Euro nymphing has grown in popularity here in North America, because it works. I would even say that with the right river conditions fly fishing with euro nymph flies should be the first technique you use when assessing a river.
Fundamentally, Euro nymph flies are heavily weighted flies with trim bodies to reduce water resistance so the fly sinks quickly. Often the fly will use a jig style hook to reduce snags by keeping the hook point up. The line and fly rod setup further allows the fly to drop into the “fish zone” with a longer fly rod guiding the fly.
Like many fly fishing techniques specialized equipment has evolved to make this method more effective. This includes the flies, fly lines, longer fly rods and fly line leaders. Don’t let the specialization stop you from using this technique. Your regular setup can be adapted to add the core principles to use euro flies.
More anglers are joining the euro nymphing bandwagon. The main reason for its growing popularity is simply because it is the easiest fly fishing method that can increase your hook-up rate.
Some key environmental conditions should be considered when tying on a euro nymph fly.
- Water flow – euro flies can work in stillwaters, but this type of fly works best when the current drifts the fly to the fish.
- River bottom – the river bed should be relatively clean of woody debris. Bouncing a euro fly through areas with sunken logs is a sure way to snag and lose flies.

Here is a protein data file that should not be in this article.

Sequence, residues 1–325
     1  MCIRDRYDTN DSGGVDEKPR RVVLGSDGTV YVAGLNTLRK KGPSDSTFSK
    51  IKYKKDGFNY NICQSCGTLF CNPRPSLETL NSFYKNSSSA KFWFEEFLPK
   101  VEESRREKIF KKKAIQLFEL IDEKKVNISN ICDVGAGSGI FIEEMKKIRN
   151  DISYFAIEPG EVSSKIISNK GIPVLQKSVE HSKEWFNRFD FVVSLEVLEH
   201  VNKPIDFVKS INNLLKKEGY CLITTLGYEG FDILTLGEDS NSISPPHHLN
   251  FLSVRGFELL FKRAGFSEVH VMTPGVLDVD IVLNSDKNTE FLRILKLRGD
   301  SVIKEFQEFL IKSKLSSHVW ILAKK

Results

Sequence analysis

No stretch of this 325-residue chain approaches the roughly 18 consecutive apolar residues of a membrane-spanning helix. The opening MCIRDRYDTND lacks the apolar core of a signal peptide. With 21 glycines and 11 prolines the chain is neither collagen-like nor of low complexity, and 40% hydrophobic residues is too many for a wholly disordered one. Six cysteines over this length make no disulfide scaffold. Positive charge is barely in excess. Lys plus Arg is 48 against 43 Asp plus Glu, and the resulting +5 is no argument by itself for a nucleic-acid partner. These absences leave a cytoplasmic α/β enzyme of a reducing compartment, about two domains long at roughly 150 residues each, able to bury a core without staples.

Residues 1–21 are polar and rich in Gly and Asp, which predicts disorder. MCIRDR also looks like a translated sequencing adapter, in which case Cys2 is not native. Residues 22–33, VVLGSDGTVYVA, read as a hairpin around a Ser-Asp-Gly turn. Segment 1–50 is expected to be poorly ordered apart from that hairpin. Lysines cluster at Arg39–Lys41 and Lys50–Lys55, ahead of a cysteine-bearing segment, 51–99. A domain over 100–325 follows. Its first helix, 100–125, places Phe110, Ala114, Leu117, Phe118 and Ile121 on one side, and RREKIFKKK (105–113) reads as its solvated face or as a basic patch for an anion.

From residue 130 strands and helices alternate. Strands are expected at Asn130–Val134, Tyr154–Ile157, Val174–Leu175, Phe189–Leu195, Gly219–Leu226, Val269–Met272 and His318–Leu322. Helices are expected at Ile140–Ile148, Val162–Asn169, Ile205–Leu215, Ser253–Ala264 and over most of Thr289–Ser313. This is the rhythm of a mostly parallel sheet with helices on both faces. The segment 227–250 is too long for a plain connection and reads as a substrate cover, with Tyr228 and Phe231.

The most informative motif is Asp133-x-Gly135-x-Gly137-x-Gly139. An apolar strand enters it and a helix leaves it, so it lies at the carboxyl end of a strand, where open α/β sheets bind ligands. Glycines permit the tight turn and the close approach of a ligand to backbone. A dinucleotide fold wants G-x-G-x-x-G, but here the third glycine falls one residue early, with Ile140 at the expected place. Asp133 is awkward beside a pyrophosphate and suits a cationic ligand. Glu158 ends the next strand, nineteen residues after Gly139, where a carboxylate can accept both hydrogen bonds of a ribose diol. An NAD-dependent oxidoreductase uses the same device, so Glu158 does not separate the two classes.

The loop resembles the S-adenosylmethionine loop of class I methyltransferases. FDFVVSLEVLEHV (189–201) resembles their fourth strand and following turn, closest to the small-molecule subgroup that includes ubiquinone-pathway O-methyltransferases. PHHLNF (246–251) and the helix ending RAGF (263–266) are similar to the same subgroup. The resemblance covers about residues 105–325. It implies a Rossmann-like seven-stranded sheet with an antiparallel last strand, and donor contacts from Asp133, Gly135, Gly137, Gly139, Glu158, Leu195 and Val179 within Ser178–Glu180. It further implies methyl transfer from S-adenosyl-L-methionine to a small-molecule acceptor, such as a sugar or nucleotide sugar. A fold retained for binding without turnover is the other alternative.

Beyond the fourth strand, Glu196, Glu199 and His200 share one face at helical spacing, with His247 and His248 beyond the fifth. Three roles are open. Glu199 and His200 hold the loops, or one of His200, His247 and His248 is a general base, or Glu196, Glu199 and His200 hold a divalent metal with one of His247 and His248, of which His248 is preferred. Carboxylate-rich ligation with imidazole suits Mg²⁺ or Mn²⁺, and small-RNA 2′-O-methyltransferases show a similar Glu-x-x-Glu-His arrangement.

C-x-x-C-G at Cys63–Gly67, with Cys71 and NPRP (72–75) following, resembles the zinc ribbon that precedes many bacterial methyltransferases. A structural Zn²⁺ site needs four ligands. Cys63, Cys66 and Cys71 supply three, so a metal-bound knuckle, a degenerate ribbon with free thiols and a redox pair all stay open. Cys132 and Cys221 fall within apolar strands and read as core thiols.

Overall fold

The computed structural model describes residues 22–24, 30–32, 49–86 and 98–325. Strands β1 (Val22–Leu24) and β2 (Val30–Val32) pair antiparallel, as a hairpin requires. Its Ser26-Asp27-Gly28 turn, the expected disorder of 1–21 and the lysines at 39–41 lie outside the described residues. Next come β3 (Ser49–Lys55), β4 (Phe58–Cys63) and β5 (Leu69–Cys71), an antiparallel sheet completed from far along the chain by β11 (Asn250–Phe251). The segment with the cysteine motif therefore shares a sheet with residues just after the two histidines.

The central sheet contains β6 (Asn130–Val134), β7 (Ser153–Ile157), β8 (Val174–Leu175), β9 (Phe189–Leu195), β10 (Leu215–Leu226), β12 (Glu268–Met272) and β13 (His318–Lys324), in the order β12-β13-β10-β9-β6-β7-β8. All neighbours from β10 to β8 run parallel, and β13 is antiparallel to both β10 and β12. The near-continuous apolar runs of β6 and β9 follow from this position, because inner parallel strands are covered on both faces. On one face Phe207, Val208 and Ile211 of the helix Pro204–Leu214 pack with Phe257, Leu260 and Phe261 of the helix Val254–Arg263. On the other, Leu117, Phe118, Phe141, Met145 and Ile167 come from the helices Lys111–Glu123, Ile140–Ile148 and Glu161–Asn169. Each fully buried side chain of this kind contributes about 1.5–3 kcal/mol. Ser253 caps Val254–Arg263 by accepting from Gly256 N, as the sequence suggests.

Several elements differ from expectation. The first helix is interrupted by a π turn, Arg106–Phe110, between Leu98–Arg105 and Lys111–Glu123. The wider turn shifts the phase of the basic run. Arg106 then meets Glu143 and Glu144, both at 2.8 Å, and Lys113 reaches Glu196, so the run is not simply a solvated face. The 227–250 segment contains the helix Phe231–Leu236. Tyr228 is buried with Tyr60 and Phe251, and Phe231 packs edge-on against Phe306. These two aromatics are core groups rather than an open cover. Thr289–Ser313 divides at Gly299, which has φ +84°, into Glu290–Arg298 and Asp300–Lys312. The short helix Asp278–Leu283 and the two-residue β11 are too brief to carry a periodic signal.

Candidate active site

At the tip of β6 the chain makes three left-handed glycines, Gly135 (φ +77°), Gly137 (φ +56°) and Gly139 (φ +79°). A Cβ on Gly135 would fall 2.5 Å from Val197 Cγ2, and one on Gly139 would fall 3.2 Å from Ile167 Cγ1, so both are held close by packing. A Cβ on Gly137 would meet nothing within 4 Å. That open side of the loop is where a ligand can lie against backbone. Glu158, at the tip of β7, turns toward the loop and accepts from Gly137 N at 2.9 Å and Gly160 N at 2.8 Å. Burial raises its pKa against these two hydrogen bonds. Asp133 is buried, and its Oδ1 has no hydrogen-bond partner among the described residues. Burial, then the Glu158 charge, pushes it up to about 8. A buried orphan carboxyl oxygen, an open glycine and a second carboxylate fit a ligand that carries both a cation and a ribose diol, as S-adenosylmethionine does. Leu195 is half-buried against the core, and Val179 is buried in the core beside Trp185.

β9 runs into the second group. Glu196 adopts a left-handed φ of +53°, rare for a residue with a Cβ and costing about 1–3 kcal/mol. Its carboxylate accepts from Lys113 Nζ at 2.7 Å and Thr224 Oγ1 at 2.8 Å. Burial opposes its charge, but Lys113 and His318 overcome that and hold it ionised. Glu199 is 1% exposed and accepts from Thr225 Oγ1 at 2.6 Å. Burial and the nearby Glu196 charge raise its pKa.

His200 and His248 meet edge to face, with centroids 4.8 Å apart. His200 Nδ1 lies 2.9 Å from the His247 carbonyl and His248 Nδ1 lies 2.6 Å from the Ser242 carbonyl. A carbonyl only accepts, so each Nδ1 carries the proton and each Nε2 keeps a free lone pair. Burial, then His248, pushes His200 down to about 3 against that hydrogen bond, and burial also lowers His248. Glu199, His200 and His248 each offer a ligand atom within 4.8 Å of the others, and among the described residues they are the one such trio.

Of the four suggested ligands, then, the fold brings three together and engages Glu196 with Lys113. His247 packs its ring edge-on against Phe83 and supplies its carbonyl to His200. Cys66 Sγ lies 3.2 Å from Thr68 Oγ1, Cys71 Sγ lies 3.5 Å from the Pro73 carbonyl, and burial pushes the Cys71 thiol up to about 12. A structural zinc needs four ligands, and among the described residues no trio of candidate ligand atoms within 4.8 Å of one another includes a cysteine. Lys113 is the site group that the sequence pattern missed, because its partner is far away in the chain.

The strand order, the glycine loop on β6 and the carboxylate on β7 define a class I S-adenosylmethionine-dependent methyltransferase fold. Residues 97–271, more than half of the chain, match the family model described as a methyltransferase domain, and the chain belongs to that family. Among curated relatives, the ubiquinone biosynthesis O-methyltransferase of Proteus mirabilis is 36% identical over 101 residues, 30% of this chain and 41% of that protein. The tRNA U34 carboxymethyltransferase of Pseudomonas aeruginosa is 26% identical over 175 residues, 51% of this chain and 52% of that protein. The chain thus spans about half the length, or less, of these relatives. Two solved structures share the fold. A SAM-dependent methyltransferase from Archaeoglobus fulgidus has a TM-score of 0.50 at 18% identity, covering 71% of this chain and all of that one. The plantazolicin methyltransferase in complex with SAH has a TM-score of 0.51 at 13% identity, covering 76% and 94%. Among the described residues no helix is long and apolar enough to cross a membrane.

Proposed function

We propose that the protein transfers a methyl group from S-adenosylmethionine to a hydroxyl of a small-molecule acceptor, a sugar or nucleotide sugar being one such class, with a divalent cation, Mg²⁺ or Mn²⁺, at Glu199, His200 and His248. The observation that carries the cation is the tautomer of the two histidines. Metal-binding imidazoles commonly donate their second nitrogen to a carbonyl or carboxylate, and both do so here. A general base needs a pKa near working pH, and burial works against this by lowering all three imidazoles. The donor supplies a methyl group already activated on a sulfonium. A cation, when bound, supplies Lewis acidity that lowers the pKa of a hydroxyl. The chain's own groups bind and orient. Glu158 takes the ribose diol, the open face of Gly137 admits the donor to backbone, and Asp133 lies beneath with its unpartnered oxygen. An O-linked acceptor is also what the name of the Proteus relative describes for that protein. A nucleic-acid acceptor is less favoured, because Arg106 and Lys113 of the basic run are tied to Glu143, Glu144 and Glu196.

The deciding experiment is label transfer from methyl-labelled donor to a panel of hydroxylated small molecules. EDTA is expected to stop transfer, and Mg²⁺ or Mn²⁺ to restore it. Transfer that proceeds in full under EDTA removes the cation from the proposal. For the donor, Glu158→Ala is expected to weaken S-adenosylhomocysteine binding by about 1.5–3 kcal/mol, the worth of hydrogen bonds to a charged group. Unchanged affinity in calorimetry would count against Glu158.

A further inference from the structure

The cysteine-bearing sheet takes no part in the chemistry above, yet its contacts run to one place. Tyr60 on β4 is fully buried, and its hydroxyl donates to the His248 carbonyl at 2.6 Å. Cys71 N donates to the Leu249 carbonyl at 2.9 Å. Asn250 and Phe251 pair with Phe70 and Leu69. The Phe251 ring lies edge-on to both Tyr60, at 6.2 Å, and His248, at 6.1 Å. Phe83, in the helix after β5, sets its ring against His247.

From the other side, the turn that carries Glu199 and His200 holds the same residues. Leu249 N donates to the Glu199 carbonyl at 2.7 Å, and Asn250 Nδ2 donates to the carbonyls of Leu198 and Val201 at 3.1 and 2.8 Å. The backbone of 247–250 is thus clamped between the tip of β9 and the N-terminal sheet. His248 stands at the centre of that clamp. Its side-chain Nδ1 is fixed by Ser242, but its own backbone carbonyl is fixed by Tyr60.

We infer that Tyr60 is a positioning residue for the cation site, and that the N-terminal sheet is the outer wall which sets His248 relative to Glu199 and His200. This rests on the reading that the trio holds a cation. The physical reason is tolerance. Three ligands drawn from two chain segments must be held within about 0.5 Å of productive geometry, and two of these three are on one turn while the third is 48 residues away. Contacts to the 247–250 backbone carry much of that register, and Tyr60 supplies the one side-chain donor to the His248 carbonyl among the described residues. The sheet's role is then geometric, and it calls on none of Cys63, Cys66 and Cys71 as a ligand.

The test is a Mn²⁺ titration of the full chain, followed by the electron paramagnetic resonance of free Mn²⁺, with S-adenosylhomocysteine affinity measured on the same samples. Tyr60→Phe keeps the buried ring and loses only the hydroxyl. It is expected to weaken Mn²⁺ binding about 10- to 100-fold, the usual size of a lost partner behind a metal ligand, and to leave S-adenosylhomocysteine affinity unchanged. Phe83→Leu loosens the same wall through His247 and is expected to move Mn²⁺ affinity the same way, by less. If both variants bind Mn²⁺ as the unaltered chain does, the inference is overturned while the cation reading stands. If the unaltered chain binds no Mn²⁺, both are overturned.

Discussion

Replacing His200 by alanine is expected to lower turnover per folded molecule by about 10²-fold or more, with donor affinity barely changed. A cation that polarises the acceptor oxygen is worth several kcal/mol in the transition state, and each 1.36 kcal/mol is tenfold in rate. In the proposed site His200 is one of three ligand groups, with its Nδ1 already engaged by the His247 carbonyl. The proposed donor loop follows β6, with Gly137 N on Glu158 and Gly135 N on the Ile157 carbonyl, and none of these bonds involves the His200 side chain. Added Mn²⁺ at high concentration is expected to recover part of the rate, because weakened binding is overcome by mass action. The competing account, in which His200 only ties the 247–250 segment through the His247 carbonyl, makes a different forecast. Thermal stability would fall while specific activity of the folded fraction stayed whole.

- Short casts – the angler needs to be able to guide the fly through the holding water, which requires shorter casting distances. (Hence the use of longer fly rod lengths)
- Wadable water depths – casting 15 feet from your rod tip requires the angler to get close to the fish. Wading in a current up to your armpits isn’t safe.
So, in this article, you will learn everything about euro nymphing flies and the best patterns to adopt for your next fishing trip.
Fly fishing has had many inventions over the years, and currently, the best and most productive one is Euro nymphing. Euro nymphing was perfected by the anglers in France, Poland, and Czechoslovakia before competitive anglers adopted it as their winning technique.
Guide Tip: If you’re looking for a little bit more on this confusing technique check out my article -> Experimenting with Euro Nymphing
As more anglers discovered this method’s effectiveness, it showed up online. Fly anglers adopted it in North America. Today, Euro Nymphing has featured in many angling magazines, and firms have started producing specialized tools for this technique.
So, I’m sure you’re wondering what this fishing technique is and why you should adopt it. Well, Euro nymphing is quite different from the traditional fishing methods. This technique uses a long leader, a thin tippet, and heavy flies to get the bait down faster.